If the Cavs want Kyrie Irving to be happy, they need to get him more weapons. Cleveland has not had a legitimate offensive option at small forward during his tenure. Saric will provide inside scoring from that spot as well as a little bit of three-point shooting. He'll also allow Cleveland to try out Irving in some small-ball lineups.
10. Philadelphia 76ers (via New Orleans): Adreian Payne, PF, Michigan State
This is a way for Philly to build an imposing frontcourt while also bolstering its high-tempo offense. Payne gives the Sixers a power forward who can finish inside and rain threes to play next to Noel, a defense-first player. When MCW gets motoring in transition, Payne will be the recipient of some juicy trail-shooter opportunities.
11. Denver Nuggets (via New York): Gary Harris, SG, Michigan State
Denver has a high-energy core built around Ty Lawson and Kenneth Faried, but the shooting guards on that roster are not cutting it. The best pure 2-guard in this draft is Harris, able to capitalize on the open looks Lawson helps him get or putting the ball on the floor and attacking off the bounce himself.
12. Orlando Magic: Rodney Hood, SF, Duke
Though occasionally overshadowed by Parker, Hood proved last season just how adept he also is as a scorer. Tobias Harris and Moe Harkless have been spotty in their development, so it wouldn't hurt Orlando to bring in another wing scorer with this pick.
13. Minnesota Timberwolves: Doug McDermott, SF, Creighton
Here's another team that has been sorely lacking in firepower from the small forward spot. Not anymore. Putting the sweet-shooting McDermott in the same lineup as Kevin Love with Ricky Rubio distributing is a horrifying prospect for opposing defenses.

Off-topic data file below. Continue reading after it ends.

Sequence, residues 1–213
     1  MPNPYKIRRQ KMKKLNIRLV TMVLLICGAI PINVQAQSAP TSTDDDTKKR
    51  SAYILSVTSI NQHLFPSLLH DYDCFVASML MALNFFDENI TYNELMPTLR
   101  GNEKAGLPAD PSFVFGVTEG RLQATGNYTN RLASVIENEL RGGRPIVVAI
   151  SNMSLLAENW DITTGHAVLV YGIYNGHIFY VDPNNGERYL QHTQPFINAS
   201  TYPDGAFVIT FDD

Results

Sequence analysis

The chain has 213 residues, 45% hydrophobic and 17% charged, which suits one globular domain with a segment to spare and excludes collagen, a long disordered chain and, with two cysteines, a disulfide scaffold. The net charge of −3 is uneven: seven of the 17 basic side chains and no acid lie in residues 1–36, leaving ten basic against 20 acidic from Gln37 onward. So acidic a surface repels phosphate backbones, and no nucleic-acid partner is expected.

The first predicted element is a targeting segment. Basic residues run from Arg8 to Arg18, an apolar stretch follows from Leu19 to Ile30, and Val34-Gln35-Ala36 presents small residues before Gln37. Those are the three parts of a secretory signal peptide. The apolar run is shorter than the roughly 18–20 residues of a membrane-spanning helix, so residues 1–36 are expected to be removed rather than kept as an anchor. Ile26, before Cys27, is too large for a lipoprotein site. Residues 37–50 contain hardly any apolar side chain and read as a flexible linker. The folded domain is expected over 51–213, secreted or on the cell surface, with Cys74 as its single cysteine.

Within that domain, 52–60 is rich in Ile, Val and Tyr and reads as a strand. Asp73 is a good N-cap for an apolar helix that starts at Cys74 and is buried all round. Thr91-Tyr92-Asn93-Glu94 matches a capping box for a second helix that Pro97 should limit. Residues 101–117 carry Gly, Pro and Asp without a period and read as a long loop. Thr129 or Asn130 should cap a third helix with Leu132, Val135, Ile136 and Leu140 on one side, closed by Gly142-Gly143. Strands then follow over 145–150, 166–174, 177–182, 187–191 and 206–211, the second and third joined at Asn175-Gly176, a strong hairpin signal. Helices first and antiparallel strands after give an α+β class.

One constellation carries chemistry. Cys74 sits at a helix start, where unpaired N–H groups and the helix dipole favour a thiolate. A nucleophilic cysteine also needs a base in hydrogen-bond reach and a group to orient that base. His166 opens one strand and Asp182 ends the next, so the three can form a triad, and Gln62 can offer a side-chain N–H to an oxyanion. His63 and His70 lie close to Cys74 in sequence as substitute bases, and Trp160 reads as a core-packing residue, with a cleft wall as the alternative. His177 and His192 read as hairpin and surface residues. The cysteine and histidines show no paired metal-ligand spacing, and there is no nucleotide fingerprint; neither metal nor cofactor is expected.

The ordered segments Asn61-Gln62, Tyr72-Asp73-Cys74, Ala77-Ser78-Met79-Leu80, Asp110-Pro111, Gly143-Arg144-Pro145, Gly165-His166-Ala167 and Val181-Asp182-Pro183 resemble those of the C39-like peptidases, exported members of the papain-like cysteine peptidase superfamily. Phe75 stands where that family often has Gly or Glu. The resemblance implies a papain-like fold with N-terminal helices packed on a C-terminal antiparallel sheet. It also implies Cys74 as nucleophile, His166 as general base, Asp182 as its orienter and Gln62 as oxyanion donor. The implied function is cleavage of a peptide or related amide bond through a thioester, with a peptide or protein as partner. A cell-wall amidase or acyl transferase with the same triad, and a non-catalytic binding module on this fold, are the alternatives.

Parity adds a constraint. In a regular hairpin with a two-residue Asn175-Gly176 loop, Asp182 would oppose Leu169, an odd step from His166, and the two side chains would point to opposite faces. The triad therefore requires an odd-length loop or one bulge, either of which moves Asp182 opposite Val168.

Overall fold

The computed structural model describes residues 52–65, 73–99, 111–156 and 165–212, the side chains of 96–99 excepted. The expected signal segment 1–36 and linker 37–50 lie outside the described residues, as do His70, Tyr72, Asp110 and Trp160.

14. Memphis Grizzlies: Nik Stauskas, SG, Michigan
The grit-and-grind mentality isn't going anywhere, but the Grizz know they won't win unless they surround Marc Gasol and Zach Randolph with shooters. Stauskus is right up there with McDermott as one of the best in this class from beyond the arc. He'll be a great asset when it comes to spacing.
15. Atlanta Hawks: James Young, SF, Kentucky
Atlanta is also built around a foundation of bigs in Al Horford and Paul Millsap, so shooting is high on the Hawks wish list as well. Young isn't exactly deadeye accurate, but he has the range on his shot and the athleticism to create his own shot when he's not open from deep.
16. Chicago Bulls (via Charlotte): Jerami Grant, SF, Syracuse
As usual, the Bulls have the greatest dearth of talent on the wing. Without Luol Deng, it's an even more significant issue than it has been before. Bringing in a high-potential pick like Grant who can learn from Tom Thibodeau and a veteran roster should pay dividends.
17. Phoenix Suns (via Washington): Zach LaVine, PG, UCLA
Phoenix already has a frightening pair of tall point guards in Goran Dragic and Eric Bledsoe, but the team has not been nearly as dangerous when they're on the court separately. Adding LaVine, an electrifying 6'5" point guard, will help shore up Phoenix's second-unit lineups without overburdening the rookie with the full responsibility of running the show.
18. Boston Celtics (via Brooklyn): P.J. Hairston, SG, Texas Legends
Off-court issues aside, Hairston is a guy who can rain threes, make himself space in the mid-range and pinball his way into the lane and finish. He's the total offensive package at shooting guard, and he's worth rolling the dice for the Celtics.
19. Toronto Raptors: Montrezl Harrell, PF, Louisville
The Raptors have plenty of size inside, but no one with Harrell's energy. He's absolutely relentless on the block, constantly battling for position and cleaning up the boards. Just by virtue of being a highly-athletic nuisance, he'll pull defensive attention away from Jonas Valanciunas.